U.S. livestock: CME live cattle slump sixth straight day

Chicago | Reuters — Chicago Mercantile Exchange live cattle futures fell for a sixth day in a row on Monday, pressured by supply worries implied by last Friday’s U.S. Department of Agriculture monthly Cattle on Feed report, traders said.

The report showed two per cent more cattle placed in U.S. feedlots in July compared to a year ago, which exceeded most analysts’ estimates.

August live cattle ended down 0.125 cent/lb., to 113.425 cents (all figures US$). Most actively traded October closed down 0.1 cent, to 110.35 cents.

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CME live cattle declined after Friday’s report, but not as much as some had expected because of futures’ discounts to the cash market, said Oak Investment Group president Joe Ocrant.

Last week, market-ready, or cash, cattle in the U.S. Plains moved at mostly $117-$118/cwt, said feedlot sources.

Investors look for packers to pay steady to lower prices for cash cattle by Friday based on current futures prices and adequate supplies.

The government’s monthly cold storage report on Monday afternoon showed July total beef stocks at 469.25 million lbs., up three per cent from the previous month and up two per cent from last year.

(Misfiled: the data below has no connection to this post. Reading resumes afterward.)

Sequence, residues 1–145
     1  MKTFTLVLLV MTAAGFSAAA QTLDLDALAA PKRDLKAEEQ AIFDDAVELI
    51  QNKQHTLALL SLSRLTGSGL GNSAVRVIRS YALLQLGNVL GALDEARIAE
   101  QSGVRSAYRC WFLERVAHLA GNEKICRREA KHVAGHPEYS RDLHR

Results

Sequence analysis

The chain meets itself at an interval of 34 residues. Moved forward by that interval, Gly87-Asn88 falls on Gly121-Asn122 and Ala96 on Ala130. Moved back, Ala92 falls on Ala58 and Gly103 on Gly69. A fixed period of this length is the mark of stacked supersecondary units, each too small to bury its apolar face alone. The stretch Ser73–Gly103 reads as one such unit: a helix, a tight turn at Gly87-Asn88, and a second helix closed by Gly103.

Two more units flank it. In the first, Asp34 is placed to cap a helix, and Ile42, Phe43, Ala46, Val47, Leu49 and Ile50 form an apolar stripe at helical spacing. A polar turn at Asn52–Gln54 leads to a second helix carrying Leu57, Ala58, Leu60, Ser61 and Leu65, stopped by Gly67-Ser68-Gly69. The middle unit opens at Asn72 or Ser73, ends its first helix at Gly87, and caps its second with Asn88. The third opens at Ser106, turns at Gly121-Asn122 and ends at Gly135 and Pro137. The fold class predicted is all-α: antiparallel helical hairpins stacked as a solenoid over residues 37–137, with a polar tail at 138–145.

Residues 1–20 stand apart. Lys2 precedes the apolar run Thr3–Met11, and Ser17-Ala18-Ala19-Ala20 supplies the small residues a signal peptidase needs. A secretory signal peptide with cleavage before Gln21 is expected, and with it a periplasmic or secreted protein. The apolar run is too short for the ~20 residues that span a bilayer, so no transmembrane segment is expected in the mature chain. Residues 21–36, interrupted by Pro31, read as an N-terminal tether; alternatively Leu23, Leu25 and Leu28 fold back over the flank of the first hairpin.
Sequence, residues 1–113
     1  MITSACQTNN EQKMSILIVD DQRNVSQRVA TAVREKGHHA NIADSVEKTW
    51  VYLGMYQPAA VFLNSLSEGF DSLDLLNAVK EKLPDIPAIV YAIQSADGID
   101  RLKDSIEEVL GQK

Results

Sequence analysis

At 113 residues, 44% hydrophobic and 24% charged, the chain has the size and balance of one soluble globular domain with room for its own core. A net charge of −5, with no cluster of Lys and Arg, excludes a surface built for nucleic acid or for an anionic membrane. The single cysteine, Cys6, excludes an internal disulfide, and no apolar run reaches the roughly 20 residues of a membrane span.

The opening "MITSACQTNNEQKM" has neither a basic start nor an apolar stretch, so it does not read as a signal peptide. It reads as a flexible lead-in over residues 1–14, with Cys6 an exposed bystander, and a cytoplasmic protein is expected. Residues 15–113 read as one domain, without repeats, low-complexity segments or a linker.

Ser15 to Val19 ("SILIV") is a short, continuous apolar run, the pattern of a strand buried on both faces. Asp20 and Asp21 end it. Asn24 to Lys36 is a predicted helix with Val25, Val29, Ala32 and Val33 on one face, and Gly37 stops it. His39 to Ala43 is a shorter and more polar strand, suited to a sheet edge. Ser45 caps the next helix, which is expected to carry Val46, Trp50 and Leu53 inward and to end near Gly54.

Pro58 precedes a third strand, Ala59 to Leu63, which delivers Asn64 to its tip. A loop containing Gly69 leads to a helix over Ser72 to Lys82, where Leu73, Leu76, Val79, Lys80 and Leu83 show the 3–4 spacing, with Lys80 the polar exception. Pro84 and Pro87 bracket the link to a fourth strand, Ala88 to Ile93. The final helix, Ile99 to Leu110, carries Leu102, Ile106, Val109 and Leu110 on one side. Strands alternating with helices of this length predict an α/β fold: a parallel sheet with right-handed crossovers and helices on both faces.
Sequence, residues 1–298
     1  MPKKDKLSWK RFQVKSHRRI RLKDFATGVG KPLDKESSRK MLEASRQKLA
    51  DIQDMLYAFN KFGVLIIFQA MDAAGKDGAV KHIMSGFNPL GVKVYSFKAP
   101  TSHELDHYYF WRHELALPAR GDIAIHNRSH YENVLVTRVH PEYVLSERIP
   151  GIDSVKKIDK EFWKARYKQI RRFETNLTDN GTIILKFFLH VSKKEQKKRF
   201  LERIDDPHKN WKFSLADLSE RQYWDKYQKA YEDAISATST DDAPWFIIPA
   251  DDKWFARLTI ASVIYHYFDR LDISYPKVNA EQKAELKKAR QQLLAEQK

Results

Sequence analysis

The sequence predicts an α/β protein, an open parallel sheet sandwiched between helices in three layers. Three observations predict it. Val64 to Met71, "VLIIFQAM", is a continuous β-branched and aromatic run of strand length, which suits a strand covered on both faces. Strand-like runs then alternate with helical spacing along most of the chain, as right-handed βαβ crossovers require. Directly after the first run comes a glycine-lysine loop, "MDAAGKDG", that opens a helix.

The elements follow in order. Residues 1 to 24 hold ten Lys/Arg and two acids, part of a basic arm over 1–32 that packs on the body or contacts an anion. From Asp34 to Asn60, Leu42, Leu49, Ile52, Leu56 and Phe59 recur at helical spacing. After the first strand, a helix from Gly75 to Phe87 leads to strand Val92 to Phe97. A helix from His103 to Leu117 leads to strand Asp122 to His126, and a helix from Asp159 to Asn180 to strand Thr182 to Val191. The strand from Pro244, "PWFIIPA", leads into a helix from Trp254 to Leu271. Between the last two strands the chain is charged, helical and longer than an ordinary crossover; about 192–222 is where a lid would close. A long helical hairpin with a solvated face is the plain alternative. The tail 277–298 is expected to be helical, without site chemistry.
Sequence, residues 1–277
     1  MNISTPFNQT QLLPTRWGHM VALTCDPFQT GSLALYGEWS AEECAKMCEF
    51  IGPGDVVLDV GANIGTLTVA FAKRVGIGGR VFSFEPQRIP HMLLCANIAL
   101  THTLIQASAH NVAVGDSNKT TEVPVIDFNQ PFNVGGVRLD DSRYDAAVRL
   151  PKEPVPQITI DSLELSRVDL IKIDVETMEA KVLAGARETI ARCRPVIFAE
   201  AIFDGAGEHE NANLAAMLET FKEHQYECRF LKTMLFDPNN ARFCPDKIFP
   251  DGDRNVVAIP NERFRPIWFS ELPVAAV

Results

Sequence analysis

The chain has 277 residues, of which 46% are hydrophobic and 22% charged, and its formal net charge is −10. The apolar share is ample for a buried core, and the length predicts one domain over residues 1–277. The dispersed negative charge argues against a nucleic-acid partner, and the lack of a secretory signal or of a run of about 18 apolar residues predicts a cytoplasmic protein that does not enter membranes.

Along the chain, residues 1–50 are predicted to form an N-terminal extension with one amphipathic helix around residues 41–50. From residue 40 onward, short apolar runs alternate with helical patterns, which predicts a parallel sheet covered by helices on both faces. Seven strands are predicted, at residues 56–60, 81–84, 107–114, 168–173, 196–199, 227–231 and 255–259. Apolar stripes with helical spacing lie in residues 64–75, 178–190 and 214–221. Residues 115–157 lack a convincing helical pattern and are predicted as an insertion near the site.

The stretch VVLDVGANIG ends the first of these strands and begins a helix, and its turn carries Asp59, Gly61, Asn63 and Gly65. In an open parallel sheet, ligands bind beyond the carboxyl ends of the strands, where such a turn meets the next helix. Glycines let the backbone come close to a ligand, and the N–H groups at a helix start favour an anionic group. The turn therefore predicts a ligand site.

CME feeder cattle drew strength from technical buying and futures’ discounts to the exchange’s feeder cattle index for Aug. 18 at 148.07 cents, said traders. August feeders closed 0.950 cents/lb. higher at 147.025 cents.

Lower hog market close

Profit-taking weighed on CME lean hogs despite the morning’s firmer cash and wholesale pork prices, said traders.

Some market participants also sold October lean hogs and at the same time bought deferred contracts in a trading strategy known as bear spreading.

October ended 0.775 cent per pound lower at 61.15 cents, and December finished 0.4 cent lower at 57.05 cents.

Monday morning’s wholesale pork price was 88 cents/cwt higher at $75.44 from Friday, USDA said.

The government reported Monday morning’s average cash hog price in Iowa/Minnesota up 21 cents/cwt from Friday, to $63.85.

Futures traders may be looking ahead to packing plant closures over the Labour Day holiday, an Iowa hog merchant said.

He said supermarkets are buying small amounts of pork until they can determine how much of it sold over the holiday.

Monday’s cold storage report showed total July pork stocks at 599.932 million lbs., up two per cent from the previous month but down five per cent from last year.

— Theopolis Waters reports on livestock markets for Reuters from Chicago.

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